June 14, 2019
Toshiba Electronic Devices & Storage Corporation
TOKYO -- Toshiba Electronic Devices & Storage Corporation (“Toshiba”) has developed a compact model for highly accurate simulation and prediction of power loss and noise from electromagnetic interference (EMI) in Insulated Gate Bipolar Transistors (IGBT) and Injection Enhanced Gate Transistors (IEGT). The proposed model reproduces measured turn-on and turn-off switching waveform more accurately that current approached, and reduce the error rate by over 95% while cutting simulation time to less than one-thirtieth. 
Details were reported at the IEEE-sponsored International Symposium on Power Semiconductor Devices and ICs 2019 (ISPSD 2019) in Shanghai.
Power devices are essential components of inverter and converter circuits. IGBT and IEGT, which integrate MOS-gate control with bipolar conductivity modulation, are particularly important in high power applications, where they realize high input impedance and low on-resistance. Growth of the electric vehicle and renewable energy markets continues to drive forward demand for IGBT and IEGT.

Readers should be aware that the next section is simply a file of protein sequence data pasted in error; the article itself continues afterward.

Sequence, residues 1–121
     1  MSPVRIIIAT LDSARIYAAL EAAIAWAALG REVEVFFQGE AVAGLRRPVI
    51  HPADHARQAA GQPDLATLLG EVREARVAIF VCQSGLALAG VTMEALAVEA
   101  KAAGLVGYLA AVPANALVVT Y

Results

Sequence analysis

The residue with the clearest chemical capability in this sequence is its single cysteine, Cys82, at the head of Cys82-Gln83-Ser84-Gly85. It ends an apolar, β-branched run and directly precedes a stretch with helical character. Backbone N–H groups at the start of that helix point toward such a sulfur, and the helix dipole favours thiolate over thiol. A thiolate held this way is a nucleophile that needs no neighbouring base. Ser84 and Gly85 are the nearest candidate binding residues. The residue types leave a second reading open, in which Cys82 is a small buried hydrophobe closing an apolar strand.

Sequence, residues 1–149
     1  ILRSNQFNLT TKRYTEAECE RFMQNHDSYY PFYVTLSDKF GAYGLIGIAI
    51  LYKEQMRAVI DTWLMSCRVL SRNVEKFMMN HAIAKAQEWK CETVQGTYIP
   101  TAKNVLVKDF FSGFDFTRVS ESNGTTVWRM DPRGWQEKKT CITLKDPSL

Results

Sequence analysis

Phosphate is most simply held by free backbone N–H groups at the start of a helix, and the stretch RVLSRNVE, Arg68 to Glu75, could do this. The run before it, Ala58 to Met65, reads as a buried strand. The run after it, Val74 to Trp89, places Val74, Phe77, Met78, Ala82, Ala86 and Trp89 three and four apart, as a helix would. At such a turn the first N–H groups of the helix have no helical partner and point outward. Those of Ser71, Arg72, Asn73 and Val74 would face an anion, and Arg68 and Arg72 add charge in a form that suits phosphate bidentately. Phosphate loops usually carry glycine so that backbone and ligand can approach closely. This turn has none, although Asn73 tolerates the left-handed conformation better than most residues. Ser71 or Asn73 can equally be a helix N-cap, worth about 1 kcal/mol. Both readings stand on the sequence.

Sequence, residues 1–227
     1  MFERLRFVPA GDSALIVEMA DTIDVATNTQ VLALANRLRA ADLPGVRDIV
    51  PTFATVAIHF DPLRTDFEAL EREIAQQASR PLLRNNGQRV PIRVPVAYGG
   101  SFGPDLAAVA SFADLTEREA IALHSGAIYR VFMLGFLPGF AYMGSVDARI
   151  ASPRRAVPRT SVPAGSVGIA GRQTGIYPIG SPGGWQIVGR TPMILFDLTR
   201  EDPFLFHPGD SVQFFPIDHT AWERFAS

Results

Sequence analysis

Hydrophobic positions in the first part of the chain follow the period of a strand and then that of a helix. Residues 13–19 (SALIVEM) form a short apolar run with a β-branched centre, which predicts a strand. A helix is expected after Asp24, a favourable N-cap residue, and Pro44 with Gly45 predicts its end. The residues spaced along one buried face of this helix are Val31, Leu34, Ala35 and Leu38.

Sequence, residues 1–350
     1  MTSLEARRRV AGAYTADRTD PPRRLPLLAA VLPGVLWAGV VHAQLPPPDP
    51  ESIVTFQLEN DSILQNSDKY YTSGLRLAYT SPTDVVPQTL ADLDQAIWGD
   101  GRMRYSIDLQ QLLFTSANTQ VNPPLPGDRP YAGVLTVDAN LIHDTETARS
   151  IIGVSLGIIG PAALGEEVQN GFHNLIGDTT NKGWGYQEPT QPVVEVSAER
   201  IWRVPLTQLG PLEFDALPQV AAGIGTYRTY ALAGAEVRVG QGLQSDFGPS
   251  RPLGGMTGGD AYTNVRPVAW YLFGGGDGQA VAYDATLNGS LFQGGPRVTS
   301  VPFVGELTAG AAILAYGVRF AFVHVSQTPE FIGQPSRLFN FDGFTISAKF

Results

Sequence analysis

In developing IGBT and IEGT, electron flow and hole flow are important considerations that produce complex switching performance. Accurate circuit simulation is essential to predict the power efficiency and EMI noise, as unpredicted EMI noise can damage the equipment, but conventional models do not sufficiently reproduce switching behavior. Increasing resistance in the circuit can damp EMI noise, but reduce the efficiency of the equipment.
Drawing on its extensive know-how in circuit modeling technology and world-class expertise in power devices, Toshiba has developed a new compact simulation model for IGBT and IEGT that realizes the accurate prediction of power-loss and EMI noise. It has two specific features.
Two additional parallel sub circuits with an ideal diode and resistor and capacitor (RC) circuit reproduce switching. Conventional models can represent either hole or electron flow, but the sub circuits can represent both schematically, securing accurate prediction of the complex switching performance of bipolar transistors.
The proposed model also introduces a capacitor that shows change in capacitance over time. The conventional model uses a capacitor with stable capacitance regardless of voltage to transistors, but the capacitor in the proposed model is formed by a non-linear function that respond voltage change. This realizes an accurate prediction of EMI noise when switching.
Optimization of the circuit structure achieves a shorter simulation time for inductive load switching than the conventional model.
Toshiba will continue to improve accuracy of the proposed model and aim for its early utilization.
 Conventional and general models consists of current source and RC circuits. As of May 2019, Toshiba Electronic Devices & Storage Corporation.
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